Google Waltz Lab, a project searching for “innovation in waltz,” according to its website, has found a new lead at Stanford. The program, which began as a dance class on Google’s main campus in Mountain View, is moving to Stanford under the direction of dance instructor Richard Powers.
“Nowadays, there is so much emphasis on student-to-teacher ratio,” said Salman Khan, founder of the online educational site The Khan Academy on Thursday evening at Cemex Auditorium in the Graduate School of Business. “We at The Khan Academy do not believe in this multiple — we believe in optimizing student-to-valuable-time-with-teacher ratio, or even more importantly, student-to-valuable-time-with-other-human-beings ratio. A one-size-fits-all lecture is not the way to go about education.”
Luckily, Google is working as quickly as possible to make sure we are never short in our supply of Brazilian women falling on their faces or German men crawling out of car trunks (true story) — they are now expanding Google Street View to cover more remote areas of the earth. Aside from providing us with the potential for more entertainment, this new initiative has also given us something almost as great — jobs.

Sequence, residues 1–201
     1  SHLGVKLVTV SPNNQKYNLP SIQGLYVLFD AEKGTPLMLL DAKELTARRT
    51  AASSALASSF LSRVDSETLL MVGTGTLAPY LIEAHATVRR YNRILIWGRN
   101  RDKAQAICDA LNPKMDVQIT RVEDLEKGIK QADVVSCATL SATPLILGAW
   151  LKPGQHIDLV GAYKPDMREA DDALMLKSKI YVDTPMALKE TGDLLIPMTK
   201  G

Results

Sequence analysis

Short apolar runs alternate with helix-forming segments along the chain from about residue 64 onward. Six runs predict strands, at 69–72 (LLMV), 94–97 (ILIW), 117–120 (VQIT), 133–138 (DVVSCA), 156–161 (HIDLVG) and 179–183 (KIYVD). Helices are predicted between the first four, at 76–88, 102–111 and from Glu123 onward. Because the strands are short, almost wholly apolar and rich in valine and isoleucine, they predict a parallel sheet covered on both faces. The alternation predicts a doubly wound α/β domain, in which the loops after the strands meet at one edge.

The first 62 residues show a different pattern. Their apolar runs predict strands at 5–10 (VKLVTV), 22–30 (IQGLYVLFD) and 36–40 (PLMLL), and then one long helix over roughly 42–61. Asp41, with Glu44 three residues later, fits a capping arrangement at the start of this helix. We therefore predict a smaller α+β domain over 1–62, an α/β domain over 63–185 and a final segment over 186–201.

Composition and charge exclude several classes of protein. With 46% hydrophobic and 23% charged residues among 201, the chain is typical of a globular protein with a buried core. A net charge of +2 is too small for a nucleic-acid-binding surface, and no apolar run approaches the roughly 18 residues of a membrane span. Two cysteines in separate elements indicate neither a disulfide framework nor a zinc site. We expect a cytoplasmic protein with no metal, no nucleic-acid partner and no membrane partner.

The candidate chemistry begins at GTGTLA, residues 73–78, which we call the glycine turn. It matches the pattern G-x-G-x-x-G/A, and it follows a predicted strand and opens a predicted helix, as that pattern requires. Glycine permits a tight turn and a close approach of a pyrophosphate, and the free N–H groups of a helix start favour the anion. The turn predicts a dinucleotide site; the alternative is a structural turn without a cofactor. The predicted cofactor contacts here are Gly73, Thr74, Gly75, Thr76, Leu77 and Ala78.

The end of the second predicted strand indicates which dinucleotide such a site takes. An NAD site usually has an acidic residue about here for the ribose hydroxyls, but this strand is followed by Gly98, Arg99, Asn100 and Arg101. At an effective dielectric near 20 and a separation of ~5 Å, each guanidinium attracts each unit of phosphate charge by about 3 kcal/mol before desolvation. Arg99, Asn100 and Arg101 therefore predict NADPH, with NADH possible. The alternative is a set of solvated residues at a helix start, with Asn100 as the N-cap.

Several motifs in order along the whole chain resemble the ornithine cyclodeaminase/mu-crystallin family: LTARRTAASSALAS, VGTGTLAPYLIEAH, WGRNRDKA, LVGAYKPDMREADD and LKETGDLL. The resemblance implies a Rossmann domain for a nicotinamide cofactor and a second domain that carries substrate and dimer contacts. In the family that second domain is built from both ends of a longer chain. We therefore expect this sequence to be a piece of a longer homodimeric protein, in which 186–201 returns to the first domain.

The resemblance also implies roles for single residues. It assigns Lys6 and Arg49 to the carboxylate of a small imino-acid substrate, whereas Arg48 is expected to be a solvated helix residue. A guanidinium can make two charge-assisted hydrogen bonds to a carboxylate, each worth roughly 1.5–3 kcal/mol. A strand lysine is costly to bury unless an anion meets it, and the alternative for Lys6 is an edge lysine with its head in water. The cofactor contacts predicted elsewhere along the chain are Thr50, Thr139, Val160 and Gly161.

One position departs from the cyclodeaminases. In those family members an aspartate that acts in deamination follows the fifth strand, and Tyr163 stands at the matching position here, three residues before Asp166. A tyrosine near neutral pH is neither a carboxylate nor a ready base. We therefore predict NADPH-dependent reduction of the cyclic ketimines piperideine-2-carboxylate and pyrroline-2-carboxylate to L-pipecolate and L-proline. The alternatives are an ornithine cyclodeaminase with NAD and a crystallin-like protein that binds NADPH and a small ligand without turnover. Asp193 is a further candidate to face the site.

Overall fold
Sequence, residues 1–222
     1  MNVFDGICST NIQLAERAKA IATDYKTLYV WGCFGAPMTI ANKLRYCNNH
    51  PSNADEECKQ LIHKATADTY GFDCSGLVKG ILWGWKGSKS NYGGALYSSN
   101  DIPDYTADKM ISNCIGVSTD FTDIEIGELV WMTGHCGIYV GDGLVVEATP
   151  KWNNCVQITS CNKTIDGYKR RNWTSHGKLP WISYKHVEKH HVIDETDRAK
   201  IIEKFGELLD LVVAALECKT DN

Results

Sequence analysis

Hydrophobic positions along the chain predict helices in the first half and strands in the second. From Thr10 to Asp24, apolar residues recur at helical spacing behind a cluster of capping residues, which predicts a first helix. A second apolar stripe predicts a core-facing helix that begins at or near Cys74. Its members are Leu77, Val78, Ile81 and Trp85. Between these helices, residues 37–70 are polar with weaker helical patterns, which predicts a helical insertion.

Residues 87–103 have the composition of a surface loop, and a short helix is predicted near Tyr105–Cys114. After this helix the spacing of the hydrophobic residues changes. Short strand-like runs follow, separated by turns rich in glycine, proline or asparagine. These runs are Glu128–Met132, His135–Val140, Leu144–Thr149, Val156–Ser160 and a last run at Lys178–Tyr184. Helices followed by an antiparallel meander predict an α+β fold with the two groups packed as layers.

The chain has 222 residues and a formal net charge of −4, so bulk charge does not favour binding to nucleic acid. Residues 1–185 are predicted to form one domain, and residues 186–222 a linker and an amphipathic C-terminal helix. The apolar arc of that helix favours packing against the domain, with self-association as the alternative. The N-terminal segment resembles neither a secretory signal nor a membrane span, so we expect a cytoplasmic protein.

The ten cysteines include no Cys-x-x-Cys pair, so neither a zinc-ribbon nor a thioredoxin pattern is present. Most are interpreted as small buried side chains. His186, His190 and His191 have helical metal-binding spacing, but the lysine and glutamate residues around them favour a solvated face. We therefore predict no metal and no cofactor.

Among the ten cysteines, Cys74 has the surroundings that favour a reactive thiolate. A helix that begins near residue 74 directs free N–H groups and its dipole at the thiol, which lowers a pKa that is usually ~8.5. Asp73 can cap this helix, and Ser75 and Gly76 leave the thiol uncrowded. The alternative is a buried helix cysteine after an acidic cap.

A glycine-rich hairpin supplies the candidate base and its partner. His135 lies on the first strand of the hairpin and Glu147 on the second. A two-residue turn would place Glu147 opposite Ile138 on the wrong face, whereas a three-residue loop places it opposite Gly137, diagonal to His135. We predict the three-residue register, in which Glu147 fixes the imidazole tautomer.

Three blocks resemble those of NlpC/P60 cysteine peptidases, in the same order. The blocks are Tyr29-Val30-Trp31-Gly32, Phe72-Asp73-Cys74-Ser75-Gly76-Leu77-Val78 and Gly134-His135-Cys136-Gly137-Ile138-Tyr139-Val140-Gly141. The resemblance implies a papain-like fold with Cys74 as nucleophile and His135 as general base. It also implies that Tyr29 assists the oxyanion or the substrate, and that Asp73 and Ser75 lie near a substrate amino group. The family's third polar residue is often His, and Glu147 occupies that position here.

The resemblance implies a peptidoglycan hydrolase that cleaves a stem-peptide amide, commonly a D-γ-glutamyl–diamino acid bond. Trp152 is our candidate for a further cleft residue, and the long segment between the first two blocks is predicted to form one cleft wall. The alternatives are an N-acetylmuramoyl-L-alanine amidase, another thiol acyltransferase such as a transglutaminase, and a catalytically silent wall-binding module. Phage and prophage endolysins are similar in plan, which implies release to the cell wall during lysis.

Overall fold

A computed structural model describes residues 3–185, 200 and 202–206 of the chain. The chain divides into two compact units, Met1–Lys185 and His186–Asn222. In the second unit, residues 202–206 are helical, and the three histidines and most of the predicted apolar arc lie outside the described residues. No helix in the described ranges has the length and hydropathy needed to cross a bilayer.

Public fear over online privacy has been ramping up, and for Julie Brill, a commissioner at the Federal Trade Commission, the increased attention is warranted. In an informal talk at the Stanford Law School, Commissioner Brill said the FTC is focusing increasing attention on the privacy policies of cyber companies from Facebook to the latest smart-phone applications.
Public scrutiny over a report confirming that Google Inc. spent $5.4 million on lobbying in Washington D.C. in the first three quarters of 2011 has raised awareness among students and faculty about the influence that Google and other high-tech companies wield at Stanford.